“A chronicler of China’s seedy past,” author Paul French is called in a raving review in The Atlantic. His latest book “Midnight in Peking” became a candidate for the Edgar Award in the “Best Fact Crime” category.
Paul French has a gleam in his eye. “I’ve done a lot of work on prostitutes in Shanghai,” he says. And then he laughs.
But the truth is that this Shanghai-based author has made himself into a one-man show chronicling the prostitutes, drug dealers, murderers, hermaphrodites, drunks, gang members and low-lifes of China’s pre-revolutionary days. Not to mention a few philandering hacks.
His most recent obsession started with the 1937 murder of 19-year-old Pamela Werner, the daughter of a prominent English counsel and scholar in Beijing. Pamela, it turned out, had a taste for the wild life, an urge all too readily indulged by a city that set apart its foreign quarter and looked the other way when the Russians, English, Americans, Germans, and French came to China to escape their past and live the kind of life that would land them in jail in other countries.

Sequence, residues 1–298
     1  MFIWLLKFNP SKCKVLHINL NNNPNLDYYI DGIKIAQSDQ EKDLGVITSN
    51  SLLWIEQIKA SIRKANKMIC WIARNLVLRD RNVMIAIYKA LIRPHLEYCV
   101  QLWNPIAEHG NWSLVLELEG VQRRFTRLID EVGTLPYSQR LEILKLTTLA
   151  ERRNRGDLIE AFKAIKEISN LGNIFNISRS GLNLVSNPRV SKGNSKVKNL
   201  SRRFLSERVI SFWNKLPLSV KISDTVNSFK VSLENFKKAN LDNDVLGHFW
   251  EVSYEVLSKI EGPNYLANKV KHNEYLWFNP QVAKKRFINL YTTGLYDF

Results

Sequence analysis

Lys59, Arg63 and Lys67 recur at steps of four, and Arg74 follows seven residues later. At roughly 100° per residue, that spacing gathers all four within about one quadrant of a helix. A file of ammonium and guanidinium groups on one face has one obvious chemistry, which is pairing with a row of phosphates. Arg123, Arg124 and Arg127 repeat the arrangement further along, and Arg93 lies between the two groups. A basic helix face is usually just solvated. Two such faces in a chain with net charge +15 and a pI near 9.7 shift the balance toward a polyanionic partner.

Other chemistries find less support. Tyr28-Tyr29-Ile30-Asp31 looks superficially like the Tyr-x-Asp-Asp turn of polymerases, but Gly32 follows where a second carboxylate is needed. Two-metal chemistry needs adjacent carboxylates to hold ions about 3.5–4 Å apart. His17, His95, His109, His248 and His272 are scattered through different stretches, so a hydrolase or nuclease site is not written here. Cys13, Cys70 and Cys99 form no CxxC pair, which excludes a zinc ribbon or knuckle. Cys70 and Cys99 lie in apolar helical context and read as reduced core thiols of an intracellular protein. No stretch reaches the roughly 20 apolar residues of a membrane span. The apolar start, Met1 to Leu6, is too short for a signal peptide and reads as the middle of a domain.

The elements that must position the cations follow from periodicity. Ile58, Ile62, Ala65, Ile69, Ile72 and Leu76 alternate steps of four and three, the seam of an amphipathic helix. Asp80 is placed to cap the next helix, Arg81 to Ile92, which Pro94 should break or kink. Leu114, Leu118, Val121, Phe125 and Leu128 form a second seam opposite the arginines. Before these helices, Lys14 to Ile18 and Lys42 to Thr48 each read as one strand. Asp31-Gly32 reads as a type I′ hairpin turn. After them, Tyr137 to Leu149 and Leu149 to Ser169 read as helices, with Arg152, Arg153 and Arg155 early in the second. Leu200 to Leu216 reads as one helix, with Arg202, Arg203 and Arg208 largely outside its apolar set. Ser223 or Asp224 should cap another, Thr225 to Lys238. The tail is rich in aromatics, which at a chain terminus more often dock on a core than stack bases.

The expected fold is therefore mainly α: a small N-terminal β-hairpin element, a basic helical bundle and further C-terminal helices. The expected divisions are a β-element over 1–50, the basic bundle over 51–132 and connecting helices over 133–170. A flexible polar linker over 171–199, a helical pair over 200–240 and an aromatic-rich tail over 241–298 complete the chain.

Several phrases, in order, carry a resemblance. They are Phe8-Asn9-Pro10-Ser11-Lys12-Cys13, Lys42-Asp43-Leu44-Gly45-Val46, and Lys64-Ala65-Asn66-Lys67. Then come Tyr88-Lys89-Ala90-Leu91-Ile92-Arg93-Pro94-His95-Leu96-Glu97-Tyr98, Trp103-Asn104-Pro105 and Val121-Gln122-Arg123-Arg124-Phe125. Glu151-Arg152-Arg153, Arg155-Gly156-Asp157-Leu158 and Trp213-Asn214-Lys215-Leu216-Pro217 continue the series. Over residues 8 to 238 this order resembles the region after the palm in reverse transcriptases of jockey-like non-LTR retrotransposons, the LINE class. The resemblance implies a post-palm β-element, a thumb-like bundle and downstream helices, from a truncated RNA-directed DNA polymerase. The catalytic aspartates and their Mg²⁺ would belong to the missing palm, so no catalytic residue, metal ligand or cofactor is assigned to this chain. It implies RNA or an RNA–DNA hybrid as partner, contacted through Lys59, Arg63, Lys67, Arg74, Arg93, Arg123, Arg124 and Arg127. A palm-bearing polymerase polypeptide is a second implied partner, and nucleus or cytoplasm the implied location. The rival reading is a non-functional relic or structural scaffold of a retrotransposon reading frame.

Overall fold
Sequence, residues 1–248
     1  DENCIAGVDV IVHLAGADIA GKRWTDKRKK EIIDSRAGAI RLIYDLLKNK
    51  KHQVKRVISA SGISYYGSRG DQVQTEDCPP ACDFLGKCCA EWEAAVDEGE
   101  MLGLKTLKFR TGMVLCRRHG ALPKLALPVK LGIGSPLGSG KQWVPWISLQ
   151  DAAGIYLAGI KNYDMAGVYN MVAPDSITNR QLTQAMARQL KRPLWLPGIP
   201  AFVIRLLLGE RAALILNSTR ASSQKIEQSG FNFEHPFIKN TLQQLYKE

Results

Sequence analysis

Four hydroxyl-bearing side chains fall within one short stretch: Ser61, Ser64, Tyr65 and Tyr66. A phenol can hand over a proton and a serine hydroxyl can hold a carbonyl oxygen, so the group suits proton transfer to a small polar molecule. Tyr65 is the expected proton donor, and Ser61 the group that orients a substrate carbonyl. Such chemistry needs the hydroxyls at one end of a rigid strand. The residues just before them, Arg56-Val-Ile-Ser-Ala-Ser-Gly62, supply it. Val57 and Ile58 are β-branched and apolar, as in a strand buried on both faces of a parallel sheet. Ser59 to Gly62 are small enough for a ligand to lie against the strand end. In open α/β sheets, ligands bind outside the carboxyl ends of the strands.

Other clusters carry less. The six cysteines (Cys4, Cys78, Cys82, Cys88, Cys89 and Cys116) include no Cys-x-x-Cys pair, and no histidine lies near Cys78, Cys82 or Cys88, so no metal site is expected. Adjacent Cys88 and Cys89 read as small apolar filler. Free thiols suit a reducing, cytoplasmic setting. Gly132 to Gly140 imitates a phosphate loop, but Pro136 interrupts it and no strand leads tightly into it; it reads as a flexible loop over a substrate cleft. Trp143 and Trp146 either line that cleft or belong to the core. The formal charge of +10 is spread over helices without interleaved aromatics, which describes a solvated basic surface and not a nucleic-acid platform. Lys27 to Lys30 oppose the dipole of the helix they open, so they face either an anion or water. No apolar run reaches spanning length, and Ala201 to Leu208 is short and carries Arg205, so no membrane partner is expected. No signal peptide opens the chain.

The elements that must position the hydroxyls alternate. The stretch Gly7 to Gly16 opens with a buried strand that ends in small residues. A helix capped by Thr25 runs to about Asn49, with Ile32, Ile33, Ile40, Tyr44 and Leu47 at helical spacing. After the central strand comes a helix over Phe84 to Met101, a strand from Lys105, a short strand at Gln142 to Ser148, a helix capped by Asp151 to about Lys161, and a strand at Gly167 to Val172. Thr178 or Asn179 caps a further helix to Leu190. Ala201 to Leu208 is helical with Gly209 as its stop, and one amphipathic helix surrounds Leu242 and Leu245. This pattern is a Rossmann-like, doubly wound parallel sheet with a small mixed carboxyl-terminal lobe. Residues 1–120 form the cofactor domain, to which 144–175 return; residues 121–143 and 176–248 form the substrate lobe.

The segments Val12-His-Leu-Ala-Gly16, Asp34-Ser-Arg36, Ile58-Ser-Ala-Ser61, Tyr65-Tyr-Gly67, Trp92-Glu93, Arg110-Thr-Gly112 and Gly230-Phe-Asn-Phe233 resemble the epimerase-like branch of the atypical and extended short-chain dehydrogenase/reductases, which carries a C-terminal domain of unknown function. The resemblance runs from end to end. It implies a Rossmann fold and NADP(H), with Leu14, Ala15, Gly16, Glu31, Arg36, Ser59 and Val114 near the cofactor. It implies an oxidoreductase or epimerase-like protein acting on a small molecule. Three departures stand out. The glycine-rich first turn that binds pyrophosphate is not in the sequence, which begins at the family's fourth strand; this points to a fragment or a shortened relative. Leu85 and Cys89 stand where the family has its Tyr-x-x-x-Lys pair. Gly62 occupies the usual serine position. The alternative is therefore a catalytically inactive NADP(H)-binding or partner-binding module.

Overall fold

Tracing the story of Pamela’s murder, which French stumbled upon when he learned of a cache of documents left behind by Pamela’s father in trying to uncover his daughter’s murderer, led to his big hit, Midnight in Peking. The 2012 book landed on the New York Times bestseller list and is being made into a television series in England. It’s also a candidate for an Edgar Award in the “Best Fact Crime” category, given by the Mystery Writers of America. Midnight, says French, “has been far and away the most successful book I’ve done.”
China Weekly Hangout
Is China’s internet back to ‘normal’. That is the question the China Weekly Hangout will address on Thursday 25 April. In December we looking into the dreadful internet connections so many companies and individuals were suffering from, when even the VPN‘s came under attack. We hoped that would inprove after the power transfer to Xi Jinping and his crew would be completed. Has that happened, and how do people on the ground expect the internet will serve them?
Below our December 20, 2012 session with participation of +Sam Xu, +John R. Otto, +Gabriel Rüeck and +Fons Tuinstra; are the recent hiccups just tests? Has China a kill button for the internet and will it use it? Or will there be a two-class internet, one for corporate users, and one for home users?